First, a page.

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Trump commits to leaving White House as Thanksgiving celebrations endure

"It’s going to be a very hard thing to concede," President Trump said Thursday as he took reporters' questions for the first time since the election.
Image: Americans Celebrate Thanksgiving Holiday As Coronavirus Cases Surge
Old traditions were tested and new ones made Thursday as Americans celebrated Thanksgiving amid the coronavirus pandemic.Octavio Jones / Getty Images

Good morning, NBC News readers.

President Donald Trump confirmed he will leave the White House on January 20 if the Electoral College formally certifies President-elect Joe Biden's victory.

Here is what's happening this day after Thanksgiving, aside from Black Friday sales.

Trump says it will be 'a very hard thing' to concede to Biden

The president said Thursday that it’s going to be difficult for him to concede the 2020 presidential election to Biden even when the Electoral College is expected to soon formally certify his opponent's victory.

"It’s going to be a very hard thing to concede," Trump told reporters on Thanksgiving evening as he took questions from the press for the first time since the Nov. 3 election.

Pushed about whether he would vacate the White House if the Electoral College finalizes Biden's victory next month, he replied: "Certainly I will."

But he went on to claim victory during the feisty 35-minute question-and-answer session that came after he conducted a series of Thanksgiving video conferences with military service members.

He falsely told reporters that he won the election by a "tremendous" amount and reiterated his baseless claims about the election being stolen from him because of fraudulent votes in key battleground states.

Biden won the Electoral College by 306 votes to Trump's 232, and received more than 80 million votes to 73.8 million for Trump, according to projections by the NBC News Decision Desk and other major news organizations.

Trump and his allies have filed over 30 lawsuits across six swing states in an attempt to contest the election results. Most of them have been shot down or withdrawn, and no court has found even a single instance of fraud.

Nevertheless, Senate Majority Leader Mitch McConnell, R-Ky., and many other elected Republicans still haven't acknowledged Biden as the president-elect or condemned Trump's unprecedented attempts to overturn the election results.

Some Democrats fear the GOP response to the election is an ominous sign for Biden's pitch to usher in a new era of unity and bipartisanship.

Meantime, ex-presidents are usually entitled to classified briefings. However, some former intelligence officials are openly questioning whether or not Trump can be trusted with America's national security secrets once he leaves office.

"He's shown as president that he doesn't take secret-keeping terribly seriously," said Jack Goldsmith, a senior Justice Department official in the George W. Bush administration. "He has a known tendency to disrespect rules related to national security. And he has a known tendency to like to sell things that are valuable to him."

Thanksgiving celebrations endure despite the pandemic

Old traditions were tested and new ones made Thursday as Americans celebrated Thanksgiving amid the coronavirus pandemic and concerns grew over a possible post-holiday surge in Covid-19 cases.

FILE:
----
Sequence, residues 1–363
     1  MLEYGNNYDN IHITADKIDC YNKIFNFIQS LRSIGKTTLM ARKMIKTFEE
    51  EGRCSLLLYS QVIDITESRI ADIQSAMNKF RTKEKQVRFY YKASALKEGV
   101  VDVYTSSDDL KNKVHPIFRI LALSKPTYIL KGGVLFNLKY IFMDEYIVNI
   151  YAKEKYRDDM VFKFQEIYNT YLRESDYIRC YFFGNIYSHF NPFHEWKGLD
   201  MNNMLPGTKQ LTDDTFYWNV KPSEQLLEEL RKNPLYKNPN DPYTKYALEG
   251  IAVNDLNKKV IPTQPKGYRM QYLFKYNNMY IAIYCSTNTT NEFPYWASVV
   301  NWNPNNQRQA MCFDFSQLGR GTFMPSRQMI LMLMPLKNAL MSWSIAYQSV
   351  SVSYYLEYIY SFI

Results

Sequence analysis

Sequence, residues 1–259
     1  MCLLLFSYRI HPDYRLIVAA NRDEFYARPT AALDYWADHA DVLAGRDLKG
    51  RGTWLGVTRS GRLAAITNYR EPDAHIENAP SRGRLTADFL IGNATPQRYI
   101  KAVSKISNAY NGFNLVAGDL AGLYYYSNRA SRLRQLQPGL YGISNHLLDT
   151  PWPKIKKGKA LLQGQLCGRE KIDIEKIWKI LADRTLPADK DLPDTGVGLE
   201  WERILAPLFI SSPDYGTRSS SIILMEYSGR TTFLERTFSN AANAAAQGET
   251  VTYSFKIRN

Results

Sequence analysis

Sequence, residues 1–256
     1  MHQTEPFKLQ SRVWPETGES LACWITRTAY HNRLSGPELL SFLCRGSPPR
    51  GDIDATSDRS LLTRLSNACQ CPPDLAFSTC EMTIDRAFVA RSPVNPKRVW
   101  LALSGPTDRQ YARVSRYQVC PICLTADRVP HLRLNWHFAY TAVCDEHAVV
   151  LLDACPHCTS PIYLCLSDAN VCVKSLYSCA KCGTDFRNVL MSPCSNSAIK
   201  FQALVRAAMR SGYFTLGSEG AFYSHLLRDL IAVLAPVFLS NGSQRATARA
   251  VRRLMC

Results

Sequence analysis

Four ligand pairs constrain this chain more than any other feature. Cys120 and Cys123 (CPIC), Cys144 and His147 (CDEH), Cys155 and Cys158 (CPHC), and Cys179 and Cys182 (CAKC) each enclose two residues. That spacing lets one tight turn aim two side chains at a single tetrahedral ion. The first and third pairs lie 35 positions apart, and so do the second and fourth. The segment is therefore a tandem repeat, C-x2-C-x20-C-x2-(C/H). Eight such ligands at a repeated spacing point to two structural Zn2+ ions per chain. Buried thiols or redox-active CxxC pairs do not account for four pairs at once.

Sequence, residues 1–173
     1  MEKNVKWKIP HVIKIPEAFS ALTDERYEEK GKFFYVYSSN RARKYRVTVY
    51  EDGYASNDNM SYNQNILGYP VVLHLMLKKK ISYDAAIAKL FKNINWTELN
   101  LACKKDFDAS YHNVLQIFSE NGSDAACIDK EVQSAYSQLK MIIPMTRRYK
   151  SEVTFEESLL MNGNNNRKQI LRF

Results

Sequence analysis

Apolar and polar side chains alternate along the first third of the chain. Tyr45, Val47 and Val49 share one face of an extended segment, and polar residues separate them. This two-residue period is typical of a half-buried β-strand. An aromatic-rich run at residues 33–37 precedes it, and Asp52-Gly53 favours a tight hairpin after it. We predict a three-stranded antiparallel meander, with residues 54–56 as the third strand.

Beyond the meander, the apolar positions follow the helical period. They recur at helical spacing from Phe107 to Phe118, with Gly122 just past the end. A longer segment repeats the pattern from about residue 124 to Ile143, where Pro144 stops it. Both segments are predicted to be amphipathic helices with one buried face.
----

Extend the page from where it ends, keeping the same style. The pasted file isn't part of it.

Some swapped large turkeys made for the whole family with a chicken for two. Others held gatherings on Zoom.

Still, millions of Americans eschewed public health warnings and criss-crossed the country this week to see family after many lonely months and countless missed celebrations.

With Covid-19 cases already increasing at an alarming rate across the country and approaching 13 million, according to NBC News tallies, health officials fear that the spike in holiday travel will only lead to more infections.

It’s tough keeping up with all the latest news about the pandemic — and the misinformation that surrounds Covid-19. When questions come up about the virus, be sure to be armed with the science.

Check out our handy Covid-19 fact generator for answers to your questions on everything from Covid-19 symptoms to the status of vaccines.

The Maradona myth: Soccer legend defined by genius — and flaws

Diego Maradona was perhaps the greatest player ever to kick a soccer ball. And yet that only goes so far to explain the global outpouring of grief when he died this week.

Some argue the Brazilian Pele won more trophies, or that fellow Argentine Lionel Messi and Portugal's Cristiano Ronaldo have approached comparable skill levels.

But there are none like Maradona — "the golden kid" — who rose from the impoverished barrios of Buenos Aires to become a true international icon.

"He transcended the sport," Jon Smith, a leading British sports agent who represented Maradona between 1986 and 1991, told NBC News.

"He went to some very dark corners," he added, "but history will be kind to Diego because his talent was so supreme and he never lost that desire to help the unfortunate."

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THINK about it

The 2020 election proves that politicians neglect Native American voters at their peril, Julian Brave NoiseCat writes in an opinion piece.


Want to avoid crowds? These are the best times to shop and eat out.


Black Friday is here. See the best deals and discounts, compiled by the Shop TODAY team.

And don't forget Small Business Saturday. Here are tips on how to support local businesses — even during the pandemic.

One fun thing

Here is one truly fun thing.

With a helmet, aviator sunglasses and a custom motorcycle jacket, Bogie, an 11-year-old mixed breed dog in the Philippines, has captured attention for touring the country on a motorcycle with his owner.

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Thanks, Petra